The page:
You're only as old as your DNA

Fifty-three years ago tomorrow, I was still in high school and hadn't heard of DNA much. But, I started college in '59 and remember all of us eagerly going to a lecture on DNA and its structure. I don't know whether that pulled me into genetics, but I know the opportunities I received at the University of Connecticut had me switch from medical technology to zoology as a major. Graduate school came next, and by then, I was eager to attend that revered school, The Johns Hopkins University.

Yes, The is part of the title. So is the s on the end of Johns. I was lucky enough to be there while Milton Eisenhower was president of the school and I was thrilled to learn as a first year student that I would be working with Milislav Demerec, a reknowned geneticist at Brookhaven National Labs. His son-in-law, Phil Hartman, became my mentor and advisor for my PhD thesis. I even worked with Bruce Ames, whose DNA mutation test made World Book Encyclopedia and pharmaceutical companies worldwide. What an exciting time!

One of my thrills quite a while ago--since I had to leave genetics for a long time--was browsing through books at Powell's bookstore in Portland, OR and finding myself referenced in a large book on Salmonella typhimurium genetics. I even learned that the solution I proposed in my thesis to explain a mutation that shut off the histidine operon was correct. That was the time of operons, operators, and nonsense mutations. That day in Powell's, I felt overwhelmed by the memories of the work I had been part of and had to sit with a cup of coffee (and probably a cookie or two) for a while to calm down.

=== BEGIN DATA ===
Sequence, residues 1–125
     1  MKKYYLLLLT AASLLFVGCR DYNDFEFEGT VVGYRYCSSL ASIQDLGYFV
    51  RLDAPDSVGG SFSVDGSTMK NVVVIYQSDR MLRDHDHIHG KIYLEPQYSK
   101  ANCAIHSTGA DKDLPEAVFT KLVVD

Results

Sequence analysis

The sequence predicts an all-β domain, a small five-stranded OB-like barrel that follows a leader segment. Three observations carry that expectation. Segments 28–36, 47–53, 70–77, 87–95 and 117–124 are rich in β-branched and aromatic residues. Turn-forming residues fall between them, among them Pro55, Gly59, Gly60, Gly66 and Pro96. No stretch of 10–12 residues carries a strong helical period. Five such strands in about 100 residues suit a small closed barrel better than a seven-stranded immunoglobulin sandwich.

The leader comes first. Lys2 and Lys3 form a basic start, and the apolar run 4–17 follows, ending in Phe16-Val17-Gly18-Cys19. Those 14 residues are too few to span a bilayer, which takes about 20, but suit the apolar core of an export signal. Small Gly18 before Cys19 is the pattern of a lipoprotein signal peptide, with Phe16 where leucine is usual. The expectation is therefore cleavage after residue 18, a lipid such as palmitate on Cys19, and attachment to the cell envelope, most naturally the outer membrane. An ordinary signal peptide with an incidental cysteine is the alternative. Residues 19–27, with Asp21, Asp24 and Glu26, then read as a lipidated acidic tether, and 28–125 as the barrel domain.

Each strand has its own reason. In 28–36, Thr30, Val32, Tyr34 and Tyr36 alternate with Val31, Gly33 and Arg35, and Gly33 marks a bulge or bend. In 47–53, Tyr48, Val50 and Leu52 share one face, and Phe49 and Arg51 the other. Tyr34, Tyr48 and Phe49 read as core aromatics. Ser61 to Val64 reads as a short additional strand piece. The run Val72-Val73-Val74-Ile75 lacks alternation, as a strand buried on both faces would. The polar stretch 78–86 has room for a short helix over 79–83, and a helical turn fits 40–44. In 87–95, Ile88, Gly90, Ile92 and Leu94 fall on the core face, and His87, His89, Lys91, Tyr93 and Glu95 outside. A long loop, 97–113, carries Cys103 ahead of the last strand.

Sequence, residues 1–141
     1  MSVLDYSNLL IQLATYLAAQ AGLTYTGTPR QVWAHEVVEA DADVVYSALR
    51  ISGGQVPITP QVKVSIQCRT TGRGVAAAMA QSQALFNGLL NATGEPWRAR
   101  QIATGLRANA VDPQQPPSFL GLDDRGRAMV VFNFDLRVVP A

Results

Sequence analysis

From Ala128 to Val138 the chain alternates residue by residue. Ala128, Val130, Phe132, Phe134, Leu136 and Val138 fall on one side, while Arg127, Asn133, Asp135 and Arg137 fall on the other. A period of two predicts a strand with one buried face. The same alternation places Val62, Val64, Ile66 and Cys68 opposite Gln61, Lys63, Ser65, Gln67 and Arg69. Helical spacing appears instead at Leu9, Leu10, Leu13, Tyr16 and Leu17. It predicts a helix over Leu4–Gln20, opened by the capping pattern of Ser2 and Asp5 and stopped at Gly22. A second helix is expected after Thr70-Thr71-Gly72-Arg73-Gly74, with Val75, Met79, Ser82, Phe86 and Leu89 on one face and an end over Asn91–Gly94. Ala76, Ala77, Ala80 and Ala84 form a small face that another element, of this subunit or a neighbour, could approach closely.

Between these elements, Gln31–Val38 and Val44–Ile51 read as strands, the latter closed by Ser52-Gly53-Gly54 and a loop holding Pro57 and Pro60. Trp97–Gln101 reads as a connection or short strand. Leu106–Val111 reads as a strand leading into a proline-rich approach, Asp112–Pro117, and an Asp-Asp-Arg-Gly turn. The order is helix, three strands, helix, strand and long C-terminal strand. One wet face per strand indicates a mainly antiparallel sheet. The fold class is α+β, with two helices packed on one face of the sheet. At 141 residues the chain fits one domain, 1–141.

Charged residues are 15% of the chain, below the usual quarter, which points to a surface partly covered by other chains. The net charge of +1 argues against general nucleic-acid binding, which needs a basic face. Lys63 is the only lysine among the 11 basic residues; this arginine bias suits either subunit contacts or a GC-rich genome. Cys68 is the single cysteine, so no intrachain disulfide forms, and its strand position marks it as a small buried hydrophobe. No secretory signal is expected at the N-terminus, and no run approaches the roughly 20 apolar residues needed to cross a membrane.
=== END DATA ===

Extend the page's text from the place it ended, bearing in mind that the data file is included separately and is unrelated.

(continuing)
Now, all these years later, we're celebrating DNA and the human genome. I'm glad to be back in genetics.

Marie Godfrey, PhD

P.S. I'm going on a cruise to Alaska in May and have had three wonderful people--genetic counselors--volunteer to keep the blog going while I am gone. I'll be introducing them to you in the next few days. 

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